Methodological quality of the review: High confidence
Author: Powell C, Hatt SR.
Region: Not specified
Sector: Vision screening
Sub-sector: Childhood, amblyopia, screening, vision
Equity focus: Children
Review type: Effectiveness review
Quantitative synthesis method: Narrative analysis
Qualitative synthesis methods: Not applicable
Amblyopia is relatively the most common cause of reduced vision in childhood, affecting 2% of children. Normal vision is likely to be restored if amblyopia is treated, particularly while the visual system is still maturing. Screening programmes have therefore been set up to test children’s vision in order to detect the condition while the child is young and possibility of treatment. However, the effect of screening programmes to reduce the prevalence of untreated amblyopia is rare.
To evaluate the impact of vision screening on the prevalence of amblyopia in comparable screened versus unscreened populations and also determine the effect of the type of personnel conducting the testing, the age at screening, and the visual acuity threshold at which participants are referred for further evaluation.
The authors retrieved 197 references from The Cochrane Library, 655 references from Medline and 979 references from Embase. After an independent review of the titles and abstracts by two review authors, three papers were retrieved in full. However, none of the three studies met the inclusion criteria, hence excluded.
The authors found no data available from randomized controlled trials (RCTs) reporting prevalence rates of amblyopia in screened versus unscreened populations. Therefore, they discussed the current practices of a small selection of papers that were identified by electronic searches. The authors noted that the lack of data from RCTs cannot be taken to mean that vision screening was not beneficial; simply that this intervention had not yet been tested in robust trials. To facilitate such trials, the authors stated that normative data on age-appropriate vision tests needed to be available and a consensus reached regarding the definition of amblyopia. In addition, the consequences of living with untreated amblyopia had yet to be quantified and a cost-benefit carried out.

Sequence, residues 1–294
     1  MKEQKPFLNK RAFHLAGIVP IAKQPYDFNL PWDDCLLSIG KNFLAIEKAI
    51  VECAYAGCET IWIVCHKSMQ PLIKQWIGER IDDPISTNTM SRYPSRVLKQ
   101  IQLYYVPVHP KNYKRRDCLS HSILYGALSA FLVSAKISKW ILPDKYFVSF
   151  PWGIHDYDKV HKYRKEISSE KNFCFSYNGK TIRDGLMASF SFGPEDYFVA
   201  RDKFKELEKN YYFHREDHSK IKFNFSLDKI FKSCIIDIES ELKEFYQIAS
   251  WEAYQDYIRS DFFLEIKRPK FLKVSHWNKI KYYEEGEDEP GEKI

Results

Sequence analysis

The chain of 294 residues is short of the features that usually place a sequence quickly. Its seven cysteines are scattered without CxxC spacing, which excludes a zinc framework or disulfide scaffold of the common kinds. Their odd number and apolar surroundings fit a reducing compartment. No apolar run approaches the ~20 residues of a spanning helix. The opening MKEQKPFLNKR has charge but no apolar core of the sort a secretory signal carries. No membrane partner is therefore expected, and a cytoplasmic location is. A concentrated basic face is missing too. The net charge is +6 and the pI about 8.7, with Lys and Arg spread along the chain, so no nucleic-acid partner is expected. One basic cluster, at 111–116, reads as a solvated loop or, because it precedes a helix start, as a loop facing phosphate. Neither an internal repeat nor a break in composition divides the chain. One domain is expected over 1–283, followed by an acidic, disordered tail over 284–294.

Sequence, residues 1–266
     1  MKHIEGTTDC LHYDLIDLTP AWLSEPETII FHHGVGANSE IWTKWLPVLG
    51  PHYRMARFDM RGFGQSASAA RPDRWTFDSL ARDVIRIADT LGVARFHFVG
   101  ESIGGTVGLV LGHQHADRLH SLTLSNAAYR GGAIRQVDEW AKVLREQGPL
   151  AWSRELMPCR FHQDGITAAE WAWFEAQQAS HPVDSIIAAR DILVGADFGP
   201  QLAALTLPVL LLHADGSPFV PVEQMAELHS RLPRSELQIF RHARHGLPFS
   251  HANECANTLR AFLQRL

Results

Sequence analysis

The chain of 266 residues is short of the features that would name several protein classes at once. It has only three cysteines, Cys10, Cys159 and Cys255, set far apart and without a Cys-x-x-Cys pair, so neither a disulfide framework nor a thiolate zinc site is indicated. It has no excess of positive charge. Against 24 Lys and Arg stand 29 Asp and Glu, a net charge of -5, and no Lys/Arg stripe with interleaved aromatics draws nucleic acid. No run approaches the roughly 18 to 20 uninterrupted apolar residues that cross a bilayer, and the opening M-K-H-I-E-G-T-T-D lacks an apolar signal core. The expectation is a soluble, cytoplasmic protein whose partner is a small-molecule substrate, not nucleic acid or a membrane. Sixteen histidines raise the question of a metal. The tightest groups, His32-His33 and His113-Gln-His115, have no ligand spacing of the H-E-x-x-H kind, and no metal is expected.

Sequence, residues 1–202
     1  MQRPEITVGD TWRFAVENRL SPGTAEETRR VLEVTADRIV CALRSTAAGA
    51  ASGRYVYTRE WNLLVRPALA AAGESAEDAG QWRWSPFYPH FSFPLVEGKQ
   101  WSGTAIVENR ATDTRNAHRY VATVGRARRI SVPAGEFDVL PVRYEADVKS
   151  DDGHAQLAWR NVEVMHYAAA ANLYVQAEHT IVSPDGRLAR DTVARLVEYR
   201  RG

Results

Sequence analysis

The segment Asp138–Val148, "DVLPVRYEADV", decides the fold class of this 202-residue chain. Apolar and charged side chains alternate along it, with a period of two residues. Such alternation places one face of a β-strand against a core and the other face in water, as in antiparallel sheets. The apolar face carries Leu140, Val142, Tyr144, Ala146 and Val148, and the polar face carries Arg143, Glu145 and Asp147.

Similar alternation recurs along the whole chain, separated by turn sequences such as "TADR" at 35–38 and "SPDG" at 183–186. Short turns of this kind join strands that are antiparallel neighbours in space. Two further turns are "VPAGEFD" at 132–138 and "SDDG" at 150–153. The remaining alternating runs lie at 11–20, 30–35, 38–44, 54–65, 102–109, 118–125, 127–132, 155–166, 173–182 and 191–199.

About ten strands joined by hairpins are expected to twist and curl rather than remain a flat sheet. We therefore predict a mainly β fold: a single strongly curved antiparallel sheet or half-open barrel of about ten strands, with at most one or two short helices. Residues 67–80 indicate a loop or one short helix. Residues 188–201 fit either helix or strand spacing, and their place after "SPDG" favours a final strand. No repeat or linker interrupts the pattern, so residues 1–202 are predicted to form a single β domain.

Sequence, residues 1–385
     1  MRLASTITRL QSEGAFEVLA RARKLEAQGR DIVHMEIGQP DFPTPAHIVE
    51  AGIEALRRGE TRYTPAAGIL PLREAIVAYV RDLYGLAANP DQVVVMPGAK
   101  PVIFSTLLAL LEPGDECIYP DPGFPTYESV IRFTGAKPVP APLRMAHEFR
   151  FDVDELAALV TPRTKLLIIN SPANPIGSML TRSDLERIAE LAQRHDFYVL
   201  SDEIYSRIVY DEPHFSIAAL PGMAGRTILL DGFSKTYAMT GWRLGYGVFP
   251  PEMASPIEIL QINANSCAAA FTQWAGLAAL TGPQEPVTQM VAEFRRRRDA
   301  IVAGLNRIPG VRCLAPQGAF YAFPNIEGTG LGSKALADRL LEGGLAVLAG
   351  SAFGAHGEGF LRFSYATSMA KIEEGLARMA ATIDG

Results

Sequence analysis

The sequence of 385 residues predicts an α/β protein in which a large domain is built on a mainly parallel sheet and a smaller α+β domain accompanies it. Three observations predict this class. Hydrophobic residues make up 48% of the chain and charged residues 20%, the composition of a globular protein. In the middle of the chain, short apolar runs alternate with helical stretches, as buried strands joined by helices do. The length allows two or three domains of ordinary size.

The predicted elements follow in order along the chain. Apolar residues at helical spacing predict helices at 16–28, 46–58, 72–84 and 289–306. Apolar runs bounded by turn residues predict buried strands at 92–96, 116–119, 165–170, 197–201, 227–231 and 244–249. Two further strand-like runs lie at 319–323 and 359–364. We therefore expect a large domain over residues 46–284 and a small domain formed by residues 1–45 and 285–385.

Studies that the authors set as eligible were randomized controlled trials (RCTs), including cluster-RCTs in which participants were screened before they started school; intervention was screening by formal visual acuity (VA) testing; screening carried out by monocular VA assessment using any age-appropriate vision test; screening was carried out by monocular VA assessment using age-appropriate vision test. The primary outcome measure for this review was the prevalence of amblyopia in comparable screened versus unscreened population 12 months from screening.
The authors conducted a search on different bibliographic databases including Cochrane Central Register of Controlled Trials (CENTRAL) (which contains the Cochrane Eyes and Vision Group Trials Register) (The Cochrane Library, Issue 3, 2008), Medline (January 1950 to August 2008) and Embase (January 1947 to August 2008).There were no language or date restrictions in the search for trials. The electronic databases were last searched on 15 August 2008. No manual searching was done. However, authors of studies were contacted for additional information.
All stages of study selection, data extraction were conducted by two reviewers independently. Since no trials were included in the review, none were assessed for methodological quality. No analysis was performed as the study found no trials. A small selection of papers identified by the electronic searches and some from their citation lists which describe current practice were used for discussion.
The authors reported methods that they will use in terms of assessment of methodological quality of studies, data collection, data synthesis and sensitivity analysis in future updates to this review.
The authors did not discuss the applicability/external validity of the results.
Overall, there is high confidence in the conclusions about the effects of this study. The authors conducted a thorough search of the literature to ensure that all relevant studies were identified, avoiding language bias. Appropriate methods were used in terms of study selection avoiding risk of bias. As no studies were eligible for inclusion in the review, data extraction and assessment of methodological quality was not possible. Nevertheless, the authors report methods that they will be using in future updates if studies are eligible for inclusion.